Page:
When I finish grading final papers next week for the MFA program I teach in, it will mark the beginning of a three-month period during which I’ll work exclusively on my own book, due 3/15/21. It’s a rare opportunity for me, which comes as the result of luck, privilege, hard work, and patience.
After much internal debate, I’ve realized my mind has been too filled with other people’s stories for me to be able to focus on my own. So I’ve paused everything: I’m taking next semester off from the MFA program; I won’t be teaching or editing for Catapult until spring; the series I was editing for The Guardian has wound down, at least for now; I won’t seek/will try to turn down any additional editing or writing assignments until April.
I’ve waited a long, long time for this. I’m both excited and terrified. Of course I’m afraid of failure, but I’m also anxious about being forgotten and losing my place. It’s been difficult for me to tell writers pitching me essays that I’m not able to make use of them, at least for now. Will they still want to work with me in the spring?
I’ve been a freelancer since 1996, and have spent the past 24 years fighting an uphill battle to get to the place where I am as a writer/editor/teacher, which is honestly just an okay place. So many of my peers are a hell of a lot more successful than I am.
Someone recently referred to me as “established” and “influential,” and I don’t think they have any idea what a struggle it’s been for me to arrive at anything vaguely resembling those adjectives in my mid-50s. The truth is that it’s been two-and-a-half decades of exhaustedly vying for gigs. At the beginning I was too young and too much of an outsider to be taken seriously. Now I worry those who might hire me think I’m too old—that I’ve had my chance, and it’s time to put me out to pasture. It feels as if there hasn’t been much of a middle to this story.
Anyway, I’m exhausted, I’m burned out, my head is swimming with the stories of everyone I’ve edited over the past several years. Writing my own book requires me to take a step back, at least briefly.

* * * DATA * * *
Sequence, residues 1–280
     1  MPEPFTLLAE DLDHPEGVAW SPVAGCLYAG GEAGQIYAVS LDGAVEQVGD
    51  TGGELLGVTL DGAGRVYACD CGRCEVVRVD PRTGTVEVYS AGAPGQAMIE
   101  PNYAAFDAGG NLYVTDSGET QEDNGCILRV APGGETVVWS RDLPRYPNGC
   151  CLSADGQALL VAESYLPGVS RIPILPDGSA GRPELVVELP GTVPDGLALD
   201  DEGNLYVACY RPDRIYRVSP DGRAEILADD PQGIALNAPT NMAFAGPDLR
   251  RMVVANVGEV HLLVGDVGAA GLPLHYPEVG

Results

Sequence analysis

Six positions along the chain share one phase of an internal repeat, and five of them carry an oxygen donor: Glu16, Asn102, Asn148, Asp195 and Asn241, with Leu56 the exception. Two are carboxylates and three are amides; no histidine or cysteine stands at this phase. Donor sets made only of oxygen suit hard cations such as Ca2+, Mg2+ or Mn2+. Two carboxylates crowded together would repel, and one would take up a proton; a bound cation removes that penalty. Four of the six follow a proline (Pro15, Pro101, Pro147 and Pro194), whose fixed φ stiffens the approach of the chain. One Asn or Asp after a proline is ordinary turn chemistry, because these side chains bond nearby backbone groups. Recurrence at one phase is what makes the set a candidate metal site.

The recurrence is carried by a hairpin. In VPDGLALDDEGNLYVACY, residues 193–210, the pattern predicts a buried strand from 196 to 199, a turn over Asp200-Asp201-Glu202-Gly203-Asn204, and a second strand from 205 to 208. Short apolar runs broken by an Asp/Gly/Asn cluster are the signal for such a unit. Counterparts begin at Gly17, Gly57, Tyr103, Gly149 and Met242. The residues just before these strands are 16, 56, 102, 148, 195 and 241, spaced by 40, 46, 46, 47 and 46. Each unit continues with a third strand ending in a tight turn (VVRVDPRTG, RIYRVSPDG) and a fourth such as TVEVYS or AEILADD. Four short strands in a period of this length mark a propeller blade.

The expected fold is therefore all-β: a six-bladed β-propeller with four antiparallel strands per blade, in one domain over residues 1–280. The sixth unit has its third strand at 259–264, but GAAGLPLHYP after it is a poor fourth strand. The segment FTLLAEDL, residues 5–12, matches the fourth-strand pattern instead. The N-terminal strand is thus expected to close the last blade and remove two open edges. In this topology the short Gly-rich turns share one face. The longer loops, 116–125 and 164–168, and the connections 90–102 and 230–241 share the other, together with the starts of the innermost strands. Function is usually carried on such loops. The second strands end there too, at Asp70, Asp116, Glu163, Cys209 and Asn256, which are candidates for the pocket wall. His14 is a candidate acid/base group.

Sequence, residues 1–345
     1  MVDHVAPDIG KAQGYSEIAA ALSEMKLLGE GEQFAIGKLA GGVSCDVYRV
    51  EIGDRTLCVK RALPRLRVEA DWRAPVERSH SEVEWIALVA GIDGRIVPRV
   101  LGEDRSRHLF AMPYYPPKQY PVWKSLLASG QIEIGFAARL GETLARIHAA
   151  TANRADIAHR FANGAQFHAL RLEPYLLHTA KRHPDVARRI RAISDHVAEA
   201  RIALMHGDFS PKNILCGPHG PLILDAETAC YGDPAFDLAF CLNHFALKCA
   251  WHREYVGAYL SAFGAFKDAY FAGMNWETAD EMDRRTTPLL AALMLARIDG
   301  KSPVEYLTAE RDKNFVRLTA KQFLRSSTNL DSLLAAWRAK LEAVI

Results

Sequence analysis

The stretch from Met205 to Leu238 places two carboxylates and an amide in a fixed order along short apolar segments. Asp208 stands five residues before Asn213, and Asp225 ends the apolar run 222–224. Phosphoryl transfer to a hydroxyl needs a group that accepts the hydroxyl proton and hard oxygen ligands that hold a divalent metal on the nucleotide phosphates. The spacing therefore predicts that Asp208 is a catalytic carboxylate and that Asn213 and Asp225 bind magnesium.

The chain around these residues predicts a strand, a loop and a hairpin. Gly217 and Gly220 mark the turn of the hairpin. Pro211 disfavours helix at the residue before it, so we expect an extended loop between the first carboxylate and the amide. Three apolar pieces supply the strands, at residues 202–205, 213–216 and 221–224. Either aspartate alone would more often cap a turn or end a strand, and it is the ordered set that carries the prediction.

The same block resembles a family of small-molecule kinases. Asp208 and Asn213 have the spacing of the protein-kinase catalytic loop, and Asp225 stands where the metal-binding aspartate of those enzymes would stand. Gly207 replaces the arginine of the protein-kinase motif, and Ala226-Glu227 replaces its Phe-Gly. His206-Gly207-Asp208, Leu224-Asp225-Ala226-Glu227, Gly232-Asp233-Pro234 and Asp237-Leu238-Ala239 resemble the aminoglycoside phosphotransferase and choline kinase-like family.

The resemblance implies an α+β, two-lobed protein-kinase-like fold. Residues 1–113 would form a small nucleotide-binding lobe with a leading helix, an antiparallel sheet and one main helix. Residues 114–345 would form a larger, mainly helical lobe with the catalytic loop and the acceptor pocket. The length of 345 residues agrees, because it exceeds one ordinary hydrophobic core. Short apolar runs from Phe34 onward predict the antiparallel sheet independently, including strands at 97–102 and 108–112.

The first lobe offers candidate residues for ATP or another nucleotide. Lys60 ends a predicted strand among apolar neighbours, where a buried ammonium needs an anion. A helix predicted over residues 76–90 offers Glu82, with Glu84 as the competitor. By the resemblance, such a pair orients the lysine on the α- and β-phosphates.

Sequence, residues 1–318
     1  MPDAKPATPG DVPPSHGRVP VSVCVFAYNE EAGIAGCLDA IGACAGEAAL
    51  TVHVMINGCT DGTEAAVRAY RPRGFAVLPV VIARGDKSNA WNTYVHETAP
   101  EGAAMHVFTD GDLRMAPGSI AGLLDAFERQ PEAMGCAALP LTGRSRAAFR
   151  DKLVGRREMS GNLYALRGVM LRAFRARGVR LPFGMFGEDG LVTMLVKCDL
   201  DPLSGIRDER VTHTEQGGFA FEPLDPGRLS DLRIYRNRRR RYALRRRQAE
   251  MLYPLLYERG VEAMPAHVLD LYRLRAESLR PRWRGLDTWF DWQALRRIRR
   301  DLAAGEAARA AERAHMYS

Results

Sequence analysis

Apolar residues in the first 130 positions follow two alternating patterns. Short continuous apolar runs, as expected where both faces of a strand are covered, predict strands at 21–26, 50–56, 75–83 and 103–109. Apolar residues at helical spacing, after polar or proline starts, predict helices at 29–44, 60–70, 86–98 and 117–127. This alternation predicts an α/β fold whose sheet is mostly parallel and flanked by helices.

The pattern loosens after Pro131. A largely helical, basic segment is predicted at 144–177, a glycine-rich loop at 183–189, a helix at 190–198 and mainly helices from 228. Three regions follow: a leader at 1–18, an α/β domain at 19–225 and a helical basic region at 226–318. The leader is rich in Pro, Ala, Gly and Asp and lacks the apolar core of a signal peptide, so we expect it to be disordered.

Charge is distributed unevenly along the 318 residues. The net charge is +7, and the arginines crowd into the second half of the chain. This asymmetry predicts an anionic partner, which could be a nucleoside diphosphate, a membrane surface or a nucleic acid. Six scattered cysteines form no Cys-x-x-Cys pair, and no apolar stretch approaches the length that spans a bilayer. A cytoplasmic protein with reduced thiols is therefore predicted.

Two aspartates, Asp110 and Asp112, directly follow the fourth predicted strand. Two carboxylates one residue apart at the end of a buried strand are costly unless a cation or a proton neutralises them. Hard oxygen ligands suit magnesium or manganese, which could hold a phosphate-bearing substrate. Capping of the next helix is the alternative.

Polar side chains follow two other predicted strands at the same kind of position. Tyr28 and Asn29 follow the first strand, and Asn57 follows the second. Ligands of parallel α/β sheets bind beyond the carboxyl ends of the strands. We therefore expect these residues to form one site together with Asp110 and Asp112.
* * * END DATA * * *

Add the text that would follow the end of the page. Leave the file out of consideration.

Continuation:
This is something I’ve wanted to do my entire career, and it also feels necessary for my career. It’s time for me to put myself out there in this way, so that I can be taken more seriously as a writer/editor/teacher. So, I’m doing this.
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Another thing I’m worried about: being lonely. I know—tolerating loneliness is a necessary part of being a writer. But the pandemic has already been so hard for me in this regard. And now we’re entering winter—a season I’ve always suffered through—and not just winter but Covid winter, when sharing meals with friends safely outdoors is largely impossible, and other social opportunities are even more scarce.
I’m fortunate to be partnered, to be sheltering in place with my favorite person. But I’m equal parts introvert and extrovert, and the social butterfly part of me is really struggling right now.
To help myself lean into this period of isolation, early this morning I began reading Wintering: The Power of Rest and Retreat in Difficult Times, by Katherine May. I like the idea of approaching this time as if it’s something necessary and curative. Honestly, I know that I need it, not only to be able to write my book, but as a way of healing from burnout and grief and loss of various kinds.
In an early passage, May writes:
…approaching a personal winter, I’m certain that the cold has healing powers that I don’t yet come close to understanding. After all, you apply ice to a joint after an awkward fall. Why not do the same to a life?